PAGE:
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In an era where every organization has multiple change initiatives underway, health care is struggling to create sustained change. As someone who supports organizations when they implement new innovations — such as evidence-based guidelines, practices, and programs — much of my work is about understanding how people make change. When I came across the IHI Psychology of Change Framework white paper, I immediately recognized it as the missing piece in the puzzle of our change efforts.
The Psychology of Change Framework presents five interrelated domains that are essential to move forward any change efforts:
The framework addresses the human component of change by considering the multiple ways in which people respond to new initiatives. I could write an essay on each component of the framework, but I find unleashing intrinsic motivation particularly compelling at a time when so much in health care focuses on rewards and punishments. The Psychology of Change white paper quotes clinical and social psychologists Richard Ryan and Edward Deci as defining intrinsic motivation as “doing something for the inherent satisfaction that engaging in the activity provides.”
Rewards, Punishments, or Intrinsic Motivation
The research is clear that when people change their behavior based on rewards and punishments, changes can happen quickly, but are often short-lived. Yet, the possibility of rewards or the threat of punishment drives so many of our mechanisms of change in health care.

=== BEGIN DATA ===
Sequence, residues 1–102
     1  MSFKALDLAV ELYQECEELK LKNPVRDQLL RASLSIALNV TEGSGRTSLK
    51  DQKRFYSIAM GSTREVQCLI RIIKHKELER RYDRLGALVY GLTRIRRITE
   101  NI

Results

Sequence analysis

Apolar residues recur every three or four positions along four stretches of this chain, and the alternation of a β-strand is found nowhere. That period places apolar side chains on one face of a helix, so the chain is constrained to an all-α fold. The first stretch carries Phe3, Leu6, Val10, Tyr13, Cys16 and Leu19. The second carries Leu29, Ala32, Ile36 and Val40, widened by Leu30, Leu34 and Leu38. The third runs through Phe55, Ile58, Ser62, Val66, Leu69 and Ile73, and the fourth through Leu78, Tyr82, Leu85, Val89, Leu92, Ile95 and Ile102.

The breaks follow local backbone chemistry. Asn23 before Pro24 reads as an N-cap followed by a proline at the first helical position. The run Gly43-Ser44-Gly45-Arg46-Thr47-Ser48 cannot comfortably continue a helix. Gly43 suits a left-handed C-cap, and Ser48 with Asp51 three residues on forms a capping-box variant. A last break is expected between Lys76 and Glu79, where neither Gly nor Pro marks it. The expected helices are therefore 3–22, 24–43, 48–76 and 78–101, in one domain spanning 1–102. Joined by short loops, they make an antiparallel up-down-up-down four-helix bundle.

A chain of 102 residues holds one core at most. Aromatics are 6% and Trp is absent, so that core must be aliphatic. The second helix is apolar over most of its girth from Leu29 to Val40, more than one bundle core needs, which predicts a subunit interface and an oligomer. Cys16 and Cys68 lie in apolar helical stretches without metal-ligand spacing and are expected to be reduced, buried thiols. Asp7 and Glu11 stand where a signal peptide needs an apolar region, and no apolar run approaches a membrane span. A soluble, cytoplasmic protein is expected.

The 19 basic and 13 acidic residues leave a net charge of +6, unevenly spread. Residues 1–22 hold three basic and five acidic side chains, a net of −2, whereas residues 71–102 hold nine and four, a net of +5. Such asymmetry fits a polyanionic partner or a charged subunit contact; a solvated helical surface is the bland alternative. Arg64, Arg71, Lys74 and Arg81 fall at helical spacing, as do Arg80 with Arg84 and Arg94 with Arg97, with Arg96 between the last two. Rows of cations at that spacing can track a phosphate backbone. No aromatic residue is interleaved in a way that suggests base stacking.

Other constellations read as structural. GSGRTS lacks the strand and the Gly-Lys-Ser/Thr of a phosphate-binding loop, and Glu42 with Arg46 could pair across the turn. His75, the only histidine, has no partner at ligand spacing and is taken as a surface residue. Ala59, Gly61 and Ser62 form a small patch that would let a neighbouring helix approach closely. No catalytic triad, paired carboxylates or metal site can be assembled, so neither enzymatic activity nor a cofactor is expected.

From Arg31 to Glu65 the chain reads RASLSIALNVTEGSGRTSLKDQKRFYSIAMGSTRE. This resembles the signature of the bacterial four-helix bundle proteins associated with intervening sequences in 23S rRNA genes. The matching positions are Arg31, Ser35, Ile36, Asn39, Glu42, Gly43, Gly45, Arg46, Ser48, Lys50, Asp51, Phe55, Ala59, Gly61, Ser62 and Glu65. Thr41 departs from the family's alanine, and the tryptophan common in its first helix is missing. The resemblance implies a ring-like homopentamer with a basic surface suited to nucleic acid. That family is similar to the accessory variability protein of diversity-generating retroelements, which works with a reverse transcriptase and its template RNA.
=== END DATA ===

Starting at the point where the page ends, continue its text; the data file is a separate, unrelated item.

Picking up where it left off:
Most health care professionals do what they do because they want to help people. We should tap into their innate reasons for working in health care instead of focusing on punitive actions or rewards. Ignoring intrinsic motivation is a wasted opportunity because releasing it creates momentum for change and — more importantly — greater potential for sustainability.
Tools to Unleash Intrinsic Motivation
I’m often asked about the best way to motivate people. Learning to unleash intrinsic motivation is a particularly challenging skill. I am a huge proponent of the principles of motivational interviewing. The underlying idea behind motivational interviewing is that you don’t tell people to change; instead, you help them recognize that they want to change.
Motivational interviewing is an evidence-based clinical psychology practice, but its value extends beyond the clinical context. Motivational interviewing provides key principles to follow when trying to unleash intrinsic motivation, including:
- Roll with resistance — Avoid arguing and, if resistance arises, find another way around it instead of pushing back.
- Express empathy — Use active and reflective listening to make sure you understand where the other person is coming from. Ambivalence to change is normal. When it happens, let the other person know you see their perspective.
- Avoid argumentation — Invite new ideas and perspectives, but don’t impose one perspective over the others. Shift from seeing the other person as an adversary. Instead, consider them a resource for new solutions.
- Develop discrepancy — Listen for ways in which the other person is describing goals they have that may not align with their current behavior. These are the discrepancies. Then, carefully highlight how their behavior doesn’t match their goals. The objective is to help them recognize the misalignment on their own.
- Support self-efficacy — Believing that you can change is an important motivator to change, so it’s essential to support an individual’s belief in their innate ability to achieve goals and emphasize their strengths.
Motivational interviewing also includes four key activities specifically for eliciting discussions about making change:
- Ask open-ended questions;
- Affirm progress and recognize strengths;
- Practice reflective listening by paraphrasing and repeating back what’s been said; and
- Summarize the conversation and highlighting discrepancies.
Motivational interviewing can be an asset to any change initiative. It can help you understand the underlying reasons for resistance. It provides tools to unleash intrinsic motivation, by having staff members self-identify the ways in which they want to change.
Julia Moore, PhD, is the senior director of the Center for Implementation.
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